Bernie didn't have his skirt on. Bad Bernie.
(He didn't have any pants on either, but that's a whole other story.)
And so we headed back. We vowed never to publicly speak of the incident. ("What happens on Brokeback Island, stays on Brokeback Island," I said.)
However, it was impossible to keep secret, not when I arrived back wearing different clothes what I had started with. The womenfolk cast us some wary glances.
But we survived and adjourned for some warm drinks at a nearby coffee shop. Dennis took this picture to annoy his friends back in Toronto. Blizzard, anyone?
Now that's a hot chocolate! Sure helped get the taste of salt out of my mouth.
And remember kids, don't try this at home!
Saturday, February 18, 2006
Thursday, February 16, 2006
Friday, February 10, 2006
This year both Groundhog Day & the State of the Union Address fell within 32 hours of each other. It was an ironic juxtaposition: One involved a meaningless ritual in which we looked to a creature of little intelligence for prognostication, and the other involved a groundhog.
Thursday, February 09, 2006
He goes and hides after each dose, so he's clearly not liking it, although the length of his hiding is decreasing with each dose. I guess he's starting to come to the conclusion that I'm not trying to drown him.
I'm told that both his meds can be administered via a gel or paste that is rubbed in his ears. I used this method for his painkillers after his recent minor surgery and it worked great. So I'm going to look into that when he needs more meds.
Wednesday, February 08, 2006
When I'm in my high gear at the front, I sometimes have a devil of a time finding the low gears in the back. And it's got me thinking: do I really need 21 gears?
Honestly, I never use most of them. I rarely leave my top gear of the three in the front, and only use a few of the seven in the rear. Sure, if I was cross-country riding across lots of mountains, some low gears would come in handy, but as a commuter and trail rider, most of them are wasted.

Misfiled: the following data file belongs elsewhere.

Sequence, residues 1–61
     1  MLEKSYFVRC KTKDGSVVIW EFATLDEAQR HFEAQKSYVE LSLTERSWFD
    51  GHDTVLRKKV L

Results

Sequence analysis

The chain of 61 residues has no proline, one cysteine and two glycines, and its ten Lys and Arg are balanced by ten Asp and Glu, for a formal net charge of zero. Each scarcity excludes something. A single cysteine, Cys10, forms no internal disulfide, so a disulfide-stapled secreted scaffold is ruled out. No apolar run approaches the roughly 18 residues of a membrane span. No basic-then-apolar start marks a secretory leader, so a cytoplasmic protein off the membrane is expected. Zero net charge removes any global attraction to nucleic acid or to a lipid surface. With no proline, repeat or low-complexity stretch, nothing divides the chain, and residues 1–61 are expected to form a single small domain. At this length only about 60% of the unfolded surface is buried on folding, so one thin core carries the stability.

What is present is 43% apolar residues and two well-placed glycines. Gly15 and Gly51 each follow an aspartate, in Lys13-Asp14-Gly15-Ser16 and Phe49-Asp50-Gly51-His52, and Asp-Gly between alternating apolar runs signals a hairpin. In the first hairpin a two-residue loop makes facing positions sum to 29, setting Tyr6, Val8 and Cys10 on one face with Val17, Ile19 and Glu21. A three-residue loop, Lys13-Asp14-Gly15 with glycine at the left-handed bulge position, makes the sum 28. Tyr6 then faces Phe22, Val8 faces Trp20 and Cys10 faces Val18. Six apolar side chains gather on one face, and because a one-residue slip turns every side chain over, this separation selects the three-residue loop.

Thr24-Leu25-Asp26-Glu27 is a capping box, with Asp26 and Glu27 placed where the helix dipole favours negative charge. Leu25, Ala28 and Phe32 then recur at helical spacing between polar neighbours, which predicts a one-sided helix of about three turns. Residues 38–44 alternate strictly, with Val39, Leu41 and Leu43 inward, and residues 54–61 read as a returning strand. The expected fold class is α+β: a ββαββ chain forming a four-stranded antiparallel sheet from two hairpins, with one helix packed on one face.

I figure that I only need about five gears:
- go like hell;
- medium cruising;
- cruising in traffic;
- little hill;
- big hill.
Give me those five gears, and I'll be happy.
Monday, February 06, 2006
In other words, he said anything to be elected, and now that's he won, the real Harper agenda will now be revealed.
First, MP David Emerson, re-elected a scant two weeks ago as a Liberal, crossed the floor to join the Conservative cabinet as the Minister of International Trade, with responsibilities for the Vancouver Olympics. Emerson, who had vowed on election night to become the new prime minister's "worst nightmare", does not understand what the fuss is about. His Conservative opponent finished a distant third in his riding; clearly his constituents what wanted a Liberal representing them.
And after all the Tory's boo-hooing when Belinda Stronach crossed the floor, and the cries of anger and outrage when the Liberals were apparently caught trolling for other Tory MPs in the last house, one would have thought Harper would heeded the calls from his party and enacted legislation requiring members that cross the floor to win their seats back in a by-election, rather than trolling for Liberals who value bigger pay cheques over serving their constituents. And he want after a Liberal! You remember them, those corrupt and decadent crooks that Harper just spent the last eight weeks telling us we couldn't trust.